To mark the 120th anniversary of ŠKODA Motorsport, employees from the ŠKODA Museum and ŠKODA AUTO’s Prototype Centre collaborated on a project to reconstruct the ŠKODA 1100 OHC Coupé racing car.
The teams began by reconditioning the original frame, chassis and engine and rebuilt the body according to historical documentation. In the process, they used state-of-the-art technology as well as traditional techniques in body construction.
Planning for the ŠKODA 1100 OHC (internal type designation 968), which was intended primarily for endurance circuit races, began as early as spring 1956. By the end of 1957, the first of two copies with open GRP bodywork had been completed.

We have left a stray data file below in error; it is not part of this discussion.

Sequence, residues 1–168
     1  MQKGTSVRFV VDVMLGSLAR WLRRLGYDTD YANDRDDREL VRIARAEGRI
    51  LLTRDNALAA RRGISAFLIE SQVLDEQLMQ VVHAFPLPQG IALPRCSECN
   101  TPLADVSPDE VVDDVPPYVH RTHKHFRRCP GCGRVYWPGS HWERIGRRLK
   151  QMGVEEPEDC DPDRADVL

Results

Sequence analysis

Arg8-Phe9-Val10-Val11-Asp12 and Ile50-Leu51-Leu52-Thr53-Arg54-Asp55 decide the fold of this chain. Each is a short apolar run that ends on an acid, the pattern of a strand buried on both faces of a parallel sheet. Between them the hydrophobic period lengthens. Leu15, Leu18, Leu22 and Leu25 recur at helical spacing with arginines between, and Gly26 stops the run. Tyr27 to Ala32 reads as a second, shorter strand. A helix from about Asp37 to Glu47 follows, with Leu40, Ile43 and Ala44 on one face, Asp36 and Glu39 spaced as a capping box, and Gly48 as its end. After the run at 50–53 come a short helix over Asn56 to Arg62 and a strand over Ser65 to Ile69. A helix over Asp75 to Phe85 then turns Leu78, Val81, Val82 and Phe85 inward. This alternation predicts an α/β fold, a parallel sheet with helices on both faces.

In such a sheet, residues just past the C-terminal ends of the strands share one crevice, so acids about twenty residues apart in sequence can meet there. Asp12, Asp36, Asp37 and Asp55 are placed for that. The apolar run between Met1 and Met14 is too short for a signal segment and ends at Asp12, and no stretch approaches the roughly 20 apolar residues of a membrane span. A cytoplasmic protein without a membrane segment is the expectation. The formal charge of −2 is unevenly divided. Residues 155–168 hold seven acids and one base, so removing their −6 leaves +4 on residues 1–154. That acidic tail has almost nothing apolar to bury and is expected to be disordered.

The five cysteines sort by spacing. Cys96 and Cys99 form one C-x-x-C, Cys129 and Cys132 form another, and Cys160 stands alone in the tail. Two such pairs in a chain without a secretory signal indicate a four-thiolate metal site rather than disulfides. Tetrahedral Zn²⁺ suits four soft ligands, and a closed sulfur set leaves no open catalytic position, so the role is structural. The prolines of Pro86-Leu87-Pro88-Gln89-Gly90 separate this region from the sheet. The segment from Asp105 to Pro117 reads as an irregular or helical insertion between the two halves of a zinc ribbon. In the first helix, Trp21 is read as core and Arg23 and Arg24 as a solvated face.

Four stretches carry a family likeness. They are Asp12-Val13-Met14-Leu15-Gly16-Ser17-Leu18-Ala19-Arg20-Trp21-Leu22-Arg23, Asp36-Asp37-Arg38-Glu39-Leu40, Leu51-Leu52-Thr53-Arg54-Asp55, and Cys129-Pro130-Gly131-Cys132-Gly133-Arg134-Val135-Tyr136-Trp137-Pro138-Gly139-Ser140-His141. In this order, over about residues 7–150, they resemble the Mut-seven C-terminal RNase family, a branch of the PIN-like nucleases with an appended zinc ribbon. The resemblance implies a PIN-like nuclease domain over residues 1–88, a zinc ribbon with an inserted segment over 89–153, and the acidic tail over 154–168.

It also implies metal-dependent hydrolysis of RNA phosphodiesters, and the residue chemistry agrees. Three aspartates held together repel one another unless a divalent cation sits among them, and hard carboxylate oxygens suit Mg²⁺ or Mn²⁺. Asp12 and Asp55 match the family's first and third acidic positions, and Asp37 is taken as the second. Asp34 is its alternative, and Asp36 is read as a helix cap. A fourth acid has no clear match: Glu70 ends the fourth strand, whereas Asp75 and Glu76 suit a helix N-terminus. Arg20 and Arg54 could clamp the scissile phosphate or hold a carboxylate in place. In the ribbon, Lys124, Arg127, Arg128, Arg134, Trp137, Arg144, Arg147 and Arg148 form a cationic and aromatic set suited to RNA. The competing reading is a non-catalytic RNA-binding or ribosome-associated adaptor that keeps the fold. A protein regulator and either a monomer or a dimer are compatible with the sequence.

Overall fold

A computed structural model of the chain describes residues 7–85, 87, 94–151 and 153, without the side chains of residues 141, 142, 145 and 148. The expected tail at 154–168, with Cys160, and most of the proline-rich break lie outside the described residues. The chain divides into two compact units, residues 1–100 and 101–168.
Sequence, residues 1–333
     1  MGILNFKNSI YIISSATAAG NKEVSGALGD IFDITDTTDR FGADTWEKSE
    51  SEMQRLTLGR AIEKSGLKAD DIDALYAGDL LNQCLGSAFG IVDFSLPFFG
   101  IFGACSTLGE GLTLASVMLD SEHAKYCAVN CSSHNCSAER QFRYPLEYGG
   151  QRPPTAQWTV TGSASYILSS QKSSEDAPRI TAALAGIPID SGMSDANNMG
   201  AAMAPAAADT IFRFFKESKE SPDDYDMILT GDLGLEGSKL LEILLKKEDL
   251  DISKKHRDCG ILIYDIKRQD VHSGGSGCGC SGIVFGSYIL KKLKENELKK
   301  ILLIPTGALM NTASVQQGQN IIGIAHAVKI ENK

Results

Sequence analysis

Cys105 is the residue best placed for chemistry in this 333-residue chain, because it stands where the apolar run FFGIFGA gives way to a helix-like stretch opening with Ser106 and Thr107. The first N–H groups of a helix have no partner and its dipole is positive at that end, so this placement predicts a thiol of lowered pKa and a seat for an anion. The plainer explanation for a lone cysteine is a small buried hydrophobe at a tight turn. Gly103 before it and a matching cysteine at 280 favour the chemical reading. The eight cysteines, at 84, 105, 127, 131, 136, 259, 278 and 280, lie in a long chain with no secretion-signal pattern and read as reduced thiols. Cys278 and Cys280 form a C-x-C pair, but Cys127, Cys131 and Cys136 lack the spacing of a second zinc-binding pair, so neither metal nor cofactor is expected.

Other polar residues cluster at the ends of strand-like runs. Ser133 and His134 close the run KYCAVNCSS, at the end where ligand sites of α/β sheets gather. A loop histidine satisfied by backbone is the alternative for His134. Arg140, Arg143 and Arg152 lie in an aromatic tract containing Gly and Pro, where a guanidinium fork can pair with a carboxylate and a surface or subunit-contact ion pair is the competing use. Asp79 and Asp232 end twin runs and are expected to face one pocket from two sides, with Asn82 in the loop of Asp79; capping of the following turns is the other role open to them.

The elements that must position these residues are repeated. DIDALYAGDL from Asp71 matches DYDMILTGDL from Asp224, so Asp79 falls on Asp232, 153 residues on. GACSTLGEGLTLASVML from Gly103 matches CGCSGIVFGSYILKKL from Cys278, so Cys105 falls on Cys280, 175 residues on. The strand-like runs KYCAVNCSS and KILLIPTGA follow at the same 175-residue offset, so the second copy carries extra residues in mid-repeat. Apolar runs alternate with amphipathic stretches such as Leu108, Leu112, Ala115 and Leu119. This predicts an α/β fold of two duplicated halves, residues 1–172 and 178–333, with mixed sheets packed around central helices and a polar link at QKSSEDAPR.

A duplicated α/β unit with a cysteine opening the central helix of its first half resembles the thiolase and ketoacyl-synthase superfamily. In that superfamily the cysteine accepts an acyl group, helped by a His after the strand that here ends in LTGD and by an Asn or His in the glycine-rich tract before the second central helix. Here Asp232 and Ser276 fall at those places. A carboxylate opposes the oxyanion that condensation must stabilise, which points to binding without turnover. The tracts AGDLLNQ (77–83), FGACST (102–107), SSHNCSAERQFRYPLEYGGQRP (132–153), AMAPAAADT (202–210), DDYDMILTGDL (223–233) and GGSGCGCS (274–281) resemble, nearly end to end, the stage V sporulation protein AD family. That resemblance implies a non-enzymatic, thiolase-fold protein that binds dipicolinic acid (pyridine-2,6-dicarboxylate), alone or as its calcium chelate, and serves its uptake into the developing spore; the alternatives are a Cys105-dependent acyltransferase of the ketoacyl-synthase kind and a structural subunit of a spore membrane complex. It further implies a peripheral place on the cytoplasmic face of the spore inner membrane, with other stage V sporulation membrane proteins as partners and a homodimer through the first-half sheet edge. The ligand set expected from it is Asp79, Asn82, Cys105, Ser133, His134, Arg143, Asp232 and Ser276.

This vehicle is still among the highlights of the ŠKODA Museum exhibition in Mladá Boleslav. It regularly competes in national and international classic car events and the second 1100 OHC is part of ŠKODA UK’s heritage fleet.
In 1959/1960, the designers continued working on the 968 project and created two ŠKODA 1100 OHC coupés with closed bodywork. Tried and tested components from ŠKODA’s production models were used.
Skoda race engineers developed a highly modified 1100cc 92hp engine with unusual gearbox mounted on the rear differential and weighing just 555kg had a top speed depending on gearing of about 124mph.
A change in the racing regulations spelled the end for the cars and they went into private hands, one being destroyed by fire and the other was crashed, but parts were used in the restored model.